Baghdad, leaving the central government crippled.
Ibn Muqla resolved
to reassert his control over the neighbouring provinces by military
force, and chose the
Hamdanid -controlled Jazira as his first target:
in 935 he launched a campaign that took the
but he was forced to return to Baghdad. Another attempt in 936 to
launch a campaign against the rebellious governor of Wasit , Muhammad
ibn Ra\'iq , failed to even get started. Coupled with his failure to
counter the mounting financial crisis, this last disaster led to Ibn
Muqla's dismissal and arrest.
Ibn Muqla's dismissal marks also the final end of the independence of
Abbasid caliphs, for shortly after
Ibn Ra'iq was appointed to the
new post of amir al-umara ("commander of commanders"), a
military-based office that became the de facto ruler of what remained
of the Caliphate and deprived the Caliph from all real authority.
Ibn Ra'iq had the possessions of
Ibn Muqla and his son confiscated,
Ibn Muqla in turn began to conspire against the amir al-umara. Ibn
Ra'iq however became aware of this, and had him imprisoned and his
right hand cut off. Shortly after, even while the army of the Turkish
Bajkam was approaching
Baghdad to depose Ibn Ra'iq, his tongue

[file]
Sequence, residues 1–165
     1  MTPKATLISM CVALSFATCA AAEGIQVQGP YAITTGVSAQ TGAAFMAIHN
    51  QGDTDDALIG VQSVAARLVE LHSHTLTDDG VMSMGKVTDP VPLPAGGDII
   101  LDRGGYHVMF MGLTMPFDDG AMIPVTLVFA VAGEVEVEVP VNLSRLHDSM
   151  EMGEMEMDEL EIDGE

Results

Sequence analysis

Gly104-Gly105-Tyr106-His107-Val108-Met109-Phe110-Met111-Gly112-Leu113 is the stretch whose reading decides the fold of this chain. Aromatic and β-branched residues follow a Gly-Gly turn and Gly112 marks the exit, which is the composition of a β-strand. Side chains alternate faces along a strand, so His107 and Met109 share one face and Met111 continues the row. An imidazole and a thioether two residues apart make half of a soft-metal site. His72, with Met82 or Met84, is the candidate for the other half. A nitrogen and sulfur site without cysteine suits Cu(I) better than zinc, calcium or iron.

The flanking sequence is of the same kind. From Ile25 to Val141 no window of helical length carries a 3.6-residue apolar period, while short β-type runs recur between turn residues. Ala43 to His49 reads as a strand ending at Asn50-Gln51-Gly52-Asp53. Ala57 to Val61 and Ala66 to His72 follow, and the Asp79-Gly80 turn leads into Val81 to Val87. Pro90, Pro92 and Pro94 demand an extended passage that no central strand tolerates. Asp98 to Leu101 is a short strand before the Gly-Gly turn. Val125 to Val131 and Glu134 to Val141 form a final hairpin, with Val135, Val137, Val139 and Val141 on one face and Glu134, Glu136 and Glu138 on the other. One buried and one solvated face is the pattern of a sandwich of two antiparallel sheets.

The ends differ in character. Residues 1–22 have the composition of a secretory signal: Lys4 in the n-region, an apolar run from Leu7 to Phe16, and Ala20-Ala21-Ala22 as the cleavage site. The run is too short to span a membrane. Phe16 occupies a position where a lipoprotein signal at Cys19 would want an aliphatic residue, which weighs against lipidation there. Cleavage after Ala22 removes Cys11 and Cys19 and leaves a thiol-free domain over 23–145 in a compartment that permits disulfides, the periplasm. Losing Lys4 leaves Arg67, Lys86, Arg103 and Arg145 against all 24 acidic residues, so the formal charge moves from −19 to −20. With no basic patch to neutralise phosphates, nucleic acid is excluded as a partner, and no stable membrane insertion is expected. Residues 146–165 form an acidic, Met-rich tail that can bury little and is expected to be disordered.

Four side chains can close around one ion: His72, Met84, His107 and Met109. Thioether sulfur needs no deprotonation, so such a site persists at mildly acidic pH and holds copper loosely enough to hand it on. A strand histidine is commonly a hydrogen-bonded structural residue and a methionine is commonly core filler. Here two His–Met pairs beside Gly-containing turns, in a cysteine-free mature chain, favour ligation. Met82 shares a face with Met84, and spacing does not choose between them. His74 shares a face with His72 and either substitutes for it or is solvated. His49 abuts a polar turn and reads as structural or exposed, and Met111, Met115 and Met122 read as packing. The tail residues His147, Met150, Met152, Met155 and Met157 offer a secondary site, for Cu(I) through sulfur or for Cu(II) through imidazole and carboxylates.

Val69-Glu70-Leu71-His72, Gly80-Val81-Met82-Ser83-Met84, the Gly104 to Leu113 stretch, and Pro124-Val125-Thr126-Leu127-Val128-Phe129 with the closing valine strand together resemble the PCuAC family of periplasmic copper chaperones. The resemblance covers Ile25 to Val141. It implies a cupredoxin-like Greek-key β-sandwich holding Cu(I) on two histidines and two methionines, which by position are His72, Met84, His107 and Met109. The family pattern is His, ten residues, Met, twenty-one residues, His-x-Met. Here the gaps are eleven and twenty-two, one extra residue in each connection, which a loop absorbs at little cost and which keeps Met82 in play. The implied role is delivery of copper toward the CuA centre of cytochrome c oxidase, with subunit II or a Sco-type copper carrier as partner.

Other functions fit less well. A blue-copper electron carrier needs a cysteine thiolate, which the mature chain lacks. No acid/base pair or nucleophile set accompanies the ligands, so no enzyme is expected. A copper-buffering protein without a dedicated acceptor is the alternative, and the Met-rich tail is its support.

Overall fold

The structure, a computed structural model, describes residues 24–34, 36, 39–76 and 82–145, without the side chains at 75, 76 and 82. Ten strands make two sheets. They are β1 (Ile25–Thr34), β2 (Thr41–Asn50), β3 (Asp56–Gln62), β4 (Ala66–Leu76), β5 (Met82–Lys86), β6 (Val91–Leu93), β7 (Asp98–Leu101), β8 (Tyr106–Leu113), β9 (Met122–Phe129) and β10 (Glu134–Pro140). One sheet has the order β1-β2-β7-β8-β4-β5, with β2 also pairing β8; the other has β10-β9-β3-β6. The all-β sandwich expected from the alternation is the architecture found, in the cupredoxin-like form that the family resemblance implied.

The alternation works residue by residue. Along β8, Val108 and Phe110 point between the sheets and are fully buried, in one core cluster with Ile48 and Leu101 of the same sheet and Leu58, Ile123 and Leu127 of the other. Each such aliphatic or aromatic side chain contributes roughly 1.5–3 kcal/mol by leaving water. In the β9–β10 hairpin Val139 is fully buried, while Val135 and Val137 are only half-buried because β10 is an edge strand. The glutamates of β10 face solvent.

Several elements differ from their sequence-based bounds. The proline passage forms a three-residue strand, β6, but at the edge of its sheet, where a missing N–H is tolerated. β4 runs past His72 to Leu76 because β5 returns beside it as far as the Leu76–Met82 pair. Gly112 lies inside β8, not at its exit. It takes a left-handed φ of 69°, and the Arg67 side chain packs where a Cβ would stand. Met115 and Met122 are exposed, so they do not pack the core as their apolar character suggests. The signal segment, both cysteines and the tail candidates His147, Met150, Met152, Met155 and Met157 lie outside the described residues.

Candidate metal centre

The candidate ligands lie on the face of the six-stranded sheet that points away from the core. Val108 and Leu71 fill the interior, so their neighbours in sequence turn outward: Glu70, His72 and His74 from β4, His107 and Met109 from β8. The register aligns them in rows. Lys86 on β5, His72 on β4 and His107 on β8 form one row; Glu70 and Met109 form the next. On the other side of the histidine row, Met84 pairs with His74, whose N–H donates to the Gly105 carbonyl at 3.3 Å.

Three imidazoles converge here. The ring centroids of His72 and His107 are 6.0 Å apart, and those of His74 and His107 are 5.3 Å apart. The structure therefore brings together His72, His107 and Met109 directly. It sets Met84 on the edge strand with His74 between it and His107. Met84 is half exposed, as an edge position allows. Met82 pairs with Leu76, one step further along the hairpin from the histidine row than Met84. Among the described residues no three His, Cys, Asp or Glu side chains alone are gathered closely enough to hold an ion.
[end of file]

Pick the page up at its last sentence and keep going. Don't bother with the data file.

was cut. Despite Bajkam's success,
Ibn Muqla remained in prison, where
he died on 20 July 940.
Ibn Muqla was also famous as a calligrapher , and he or his brothers
have been considered the originators of the so-called al-khatt
al-mansub ("proportioned script") style, perfected by the 11th-century
Ibn al-Bawwab . "Khatt" refers to the "marking
out" of lines, which suggests that calligraphy is a demarcation of
space. In the al-khatt al-mansub system letter design is related to
three measurements: the size of nuqta ; the height of the alif; and
the circle with a diameter equal to the height of the alif.
None of Ibn Muqla's authentic work exists today, his work is only
known through other sources like
Ibn al-Nadim .
* ^ A B C D E F G H I J K L Sourdel (1971), pp. 886–887
* ^ Kennedy (2004), pp. 185–188
* ^ Kennedy (2004), p. 191
* ^ Kennedy (2004), pp. 193–194
* ^ A B Kennedy (2004), p. 194
* ^ Kennedy (2004), pp. 194–195
* ^ Kennedy (2004), pp. 195ff.
* ^ Grabar, Oleg (1992). The Mediation of Ornament. The A.W. Mellon
Lectures in the Fine Arts. XXXV. Princeton, NJ: Princeton University
Press. p. 38.
* ^ Osborn, J.R. (2009). "Narratives of Arabic Script: Calligraphic
Design and Modern Spaces". Design and Culture. 1 (3).
* ^ Ali, Wijdan (1999). The Arab Contribution to Islamic Art: From
the Seventh to the Fifteenth Centuries. Cairo: American University in
Cairo Press. page 81.
* Kennedy, Hugh N. (2004). The Prophet and the Age of the
Caliphates: The Islamic Near East from the 6th to the 11th Century
(Second ed.). Harlow, UK: Pearson Education Ltd. ISBN 0-582-40525-4 .
* Sourdel, Dominique (1971). "Ibn Muḳla". In Lewis, B. ; Ménage,
V. L. ; Pellat, Ch. ; Schacht, J. The Encyclopaedia of Islam, New
Edition, Volume III: H–Iram. Leiden: E. J. Brill. pp. 886–887.
ISBN 90-04-08118-6 .
* WorldCat Identities
* VIAF : 290896636
* GND : 129625418
* ULAN :